Verty, who had received all Mr. Jinks’ threats and gesticulations with great unconcern, applied himself to conversation with Redbud again: and no doubt would have conversed all the evening, but for Ralph. Ralph drew him away, pointing to the damp clothes; and with many smiles, they took their leave.
The last thing the young men observed, was Mr. Jinks supporting Miss Sallianna, who had fainted a second time, and raising his despairing eyes to heaven.
They burst out laughing, and continued their way.
VERTY’S HEART GOES AWAY IN A CHARIOT.
Verty remained hard at work all the next day; and such was the natural quickness of the young man’s mind, that he seemed to learn something every hour, in spite of the preoccupation which, as the reader may imagine, his affection for our little heroine occasioned.
Roundjacket openly expressed his satisfaction at the result of the day’s labor, and hazarded a sly observation that Verty would not, on the next day, remain so long at his desk, or accomplish so much. They could not complain, however, Mr. Roundjacket said; Verty was a scion of the woods, a tamed Indian, and nothing was more natural than his propensity to follow the bent of his mind, when fancy seized him. They must make allowances—he had no doubt, in time, everything would turn out well—yes, Verty would be an honorable member of society, and see the graces and attraction of the noble profession which he had elected for his support.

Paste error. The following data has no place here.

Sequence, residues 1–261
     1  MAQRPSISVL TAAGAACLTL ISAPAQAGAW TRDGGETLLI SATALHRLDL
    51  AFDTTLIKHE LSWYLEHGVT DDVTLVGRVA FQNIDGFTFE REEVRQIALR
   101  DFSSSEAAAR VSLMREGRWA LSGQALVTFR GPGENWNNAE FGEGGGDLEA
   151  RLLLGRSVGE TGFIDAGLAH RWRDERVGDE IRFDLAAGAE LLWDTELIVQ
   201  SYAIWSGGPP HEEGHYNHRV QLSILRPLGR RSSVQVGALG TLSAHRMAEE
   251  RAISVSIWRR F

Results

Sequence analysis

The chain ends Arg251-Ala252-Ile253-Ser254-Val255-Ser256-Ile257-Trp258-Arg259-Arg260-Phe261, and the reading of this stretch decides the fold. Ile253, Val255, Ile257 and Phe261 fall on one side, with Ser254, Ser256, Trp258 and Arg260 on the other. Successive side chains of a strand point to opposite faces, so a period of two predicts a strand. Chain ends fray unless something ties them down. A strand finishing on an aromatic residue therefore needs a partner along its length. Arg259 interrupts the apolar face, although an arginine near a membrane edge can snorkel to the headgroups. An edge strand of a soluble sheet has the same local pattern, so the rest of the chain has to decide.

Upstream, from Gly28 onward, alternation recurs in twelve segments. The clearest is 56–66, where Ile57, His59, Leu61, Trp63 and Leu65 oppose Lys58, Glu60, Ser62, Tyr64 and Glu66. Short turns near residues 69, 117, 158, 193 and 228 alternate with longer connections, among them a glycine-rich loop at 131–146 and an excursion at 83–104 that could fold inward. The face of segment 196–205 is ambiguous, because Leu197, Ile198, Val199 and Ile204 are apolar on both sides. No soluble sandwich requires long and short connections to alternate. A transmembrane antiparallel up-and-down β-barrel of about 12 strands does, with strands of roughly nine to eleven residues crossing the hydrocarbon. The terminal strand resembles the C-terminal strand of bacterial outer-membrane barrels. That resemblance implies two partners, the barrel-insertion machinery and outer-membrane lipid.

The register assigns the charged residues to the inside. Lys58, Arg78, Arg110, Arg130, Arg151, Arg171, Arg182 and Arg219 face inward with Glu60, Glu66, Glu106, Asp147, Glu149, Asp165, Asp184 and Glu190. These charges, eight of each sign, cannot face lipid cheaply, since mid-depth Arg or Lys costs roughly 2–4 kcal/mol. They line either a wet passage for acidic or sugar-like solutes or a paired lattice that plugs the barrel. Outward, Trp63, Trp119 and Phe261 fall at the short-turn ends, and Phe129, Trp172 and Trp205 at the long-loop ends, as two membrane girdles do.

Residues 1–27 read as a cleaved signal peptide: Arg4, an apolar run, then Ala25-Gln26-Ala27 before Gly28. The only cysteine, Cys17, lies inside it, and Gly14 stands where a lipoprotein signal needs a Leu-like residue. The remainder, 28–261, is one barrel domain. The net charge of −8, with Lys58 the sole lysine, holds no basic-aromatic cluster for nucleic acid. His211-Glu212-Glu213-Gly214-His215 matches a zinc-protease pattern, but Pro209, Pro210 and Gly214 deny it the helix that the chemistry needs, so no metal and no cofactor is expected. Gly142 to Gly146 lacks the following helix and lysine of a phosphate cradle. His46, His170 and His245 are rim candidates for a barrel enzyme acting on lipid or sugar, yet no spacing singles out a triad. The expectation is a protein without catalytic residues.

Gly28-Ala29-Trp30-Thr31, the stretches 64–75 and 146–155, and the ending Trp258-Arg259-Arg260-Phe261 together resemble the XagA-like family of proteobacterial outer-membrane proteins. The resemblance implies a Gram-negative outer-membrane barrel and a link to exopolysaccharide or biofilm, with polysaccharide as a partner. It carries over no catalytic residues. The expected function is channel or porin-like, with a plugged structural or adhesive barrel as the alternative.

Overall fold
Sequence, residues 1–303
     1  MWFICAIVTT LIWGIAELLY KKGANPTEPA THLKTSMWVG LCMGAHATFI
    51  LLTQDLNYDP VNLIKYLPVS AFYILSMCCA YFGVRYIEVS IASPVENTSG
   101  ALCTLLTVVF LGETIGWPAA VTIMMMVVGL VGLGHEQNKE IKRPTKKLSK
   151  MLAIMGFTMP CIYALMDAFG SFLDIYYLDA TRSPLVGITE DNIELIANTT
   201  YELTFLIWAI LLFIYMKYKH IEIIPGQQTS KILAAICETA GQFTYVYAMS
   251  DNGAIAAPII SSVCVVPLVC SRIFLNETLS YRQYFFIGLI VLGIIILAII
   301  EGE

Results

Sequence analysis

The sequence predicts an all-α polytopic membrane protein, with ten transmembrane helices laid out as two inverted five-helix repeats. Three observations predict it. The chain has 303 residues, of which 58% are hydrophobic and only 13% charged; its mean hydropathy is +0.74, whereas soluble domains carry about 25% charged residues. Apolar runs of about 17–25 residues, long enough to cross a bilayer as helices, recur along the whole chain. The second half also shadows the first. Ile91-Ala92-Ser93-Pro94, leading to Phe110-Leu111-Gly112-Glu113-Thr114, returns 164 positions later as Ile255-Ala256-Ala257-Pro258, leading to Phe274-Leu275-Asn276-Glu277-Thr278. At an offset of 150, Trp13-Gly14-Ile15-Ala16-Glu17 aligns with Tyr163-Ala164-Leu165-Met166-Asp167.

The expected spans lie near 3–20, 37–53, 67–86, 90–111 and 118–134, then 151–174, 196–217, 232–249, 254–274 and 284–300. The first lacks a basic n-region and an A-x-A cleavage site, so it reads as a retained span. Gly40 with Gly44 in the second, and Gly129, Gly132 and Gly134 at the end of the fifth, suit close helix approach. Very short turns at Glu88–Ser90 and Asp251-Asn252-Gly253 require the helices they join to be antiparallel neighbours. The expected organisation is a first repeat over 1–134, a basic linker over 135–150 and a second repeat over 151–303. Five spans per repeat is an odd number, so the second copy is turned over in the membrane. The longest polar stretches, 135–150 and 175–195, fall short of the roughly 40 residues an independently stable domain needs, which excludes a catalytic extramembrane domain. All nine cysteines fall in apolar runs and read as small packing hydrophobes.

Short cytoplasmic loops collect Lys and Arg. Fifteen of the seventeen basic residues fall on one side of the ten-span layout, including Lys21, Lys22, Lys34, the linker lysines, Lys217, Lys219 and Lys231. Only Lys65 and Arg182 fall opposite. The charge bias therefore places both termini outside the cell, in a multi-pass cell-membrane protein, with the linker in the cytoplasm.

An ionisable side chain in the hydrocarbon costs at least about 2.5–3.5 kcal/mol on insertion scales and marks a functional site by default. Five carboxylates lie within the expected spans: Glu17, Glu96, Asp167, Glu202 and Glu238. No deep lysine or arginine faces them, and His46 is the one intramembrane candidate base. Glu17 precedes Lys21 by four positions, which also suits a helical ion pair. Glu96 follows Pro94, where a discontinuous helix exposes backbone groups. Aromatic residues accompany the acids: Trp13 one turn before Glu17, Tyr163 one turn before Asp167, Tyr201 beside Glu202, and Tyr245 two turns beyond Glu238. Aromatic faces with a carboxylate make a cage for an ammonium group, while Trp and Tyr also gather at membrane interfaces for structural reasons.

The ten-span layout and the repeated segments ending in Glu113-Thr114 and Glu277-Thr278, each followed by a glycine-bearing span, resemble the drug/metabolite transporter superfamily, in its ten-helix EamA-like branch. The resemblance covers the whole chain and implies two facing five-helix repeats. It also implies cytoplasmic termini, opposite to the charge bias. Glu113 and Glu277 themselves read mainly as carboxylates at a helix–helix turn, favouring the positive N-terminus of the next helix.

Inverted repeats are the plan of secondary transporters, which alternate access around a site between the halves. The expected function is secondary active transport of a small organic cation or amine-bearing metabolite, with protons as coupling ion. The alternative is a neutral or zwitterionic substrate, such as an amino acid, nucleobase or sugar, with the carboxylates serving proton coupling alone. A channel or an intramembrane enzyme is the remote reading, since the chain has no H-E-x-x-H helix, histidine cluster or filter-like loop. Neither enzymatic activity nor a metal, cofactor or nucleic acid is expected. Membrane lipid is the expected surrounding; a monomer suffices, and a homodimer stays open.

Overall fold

Verty received these friendly words—which were uttered between many chuckles of a private and dignified character—with dreamy silence; then bowing to Mr. Roundjacket, mounted Cloud, called Longears, and rode home.
On the following morning events happened pretty much as Mr. Roundjacket had predicted.
Verty wrote for some moments—then stopped; then wrote again for one moment—then twirled, bit, and finally threw down his pen.
Roundjacket chuckled, and observed that there was much injustice done him in not elevating him to the dignity of prophet. And then he mildly inquired if Verty would not like to take a ride.
Yes, Verty would like very much to do so. And in five minutes the young man was riding joyfully toward the Bower of Nature.
Sad news awaited him.
Redbud had suffered seriously from her wetting in the storm. First, she had caught a severe cold—this had continued to increase—then this cold had resulted in a fever, which threatened to confine her for a long time.
Poor Verty’s head drooped, and he sighed so deeply that Fanny, who communicated this intelligence, felt an emotion of great pity.
Could’nt he see Redbud?
Fanny thought not; he might, however, greet her as she passed through the town. Word had been sent to Apple Orchard of her sickness, and the carriage was no doubt now upon its way to take her thither. There it was now—coming through the willows!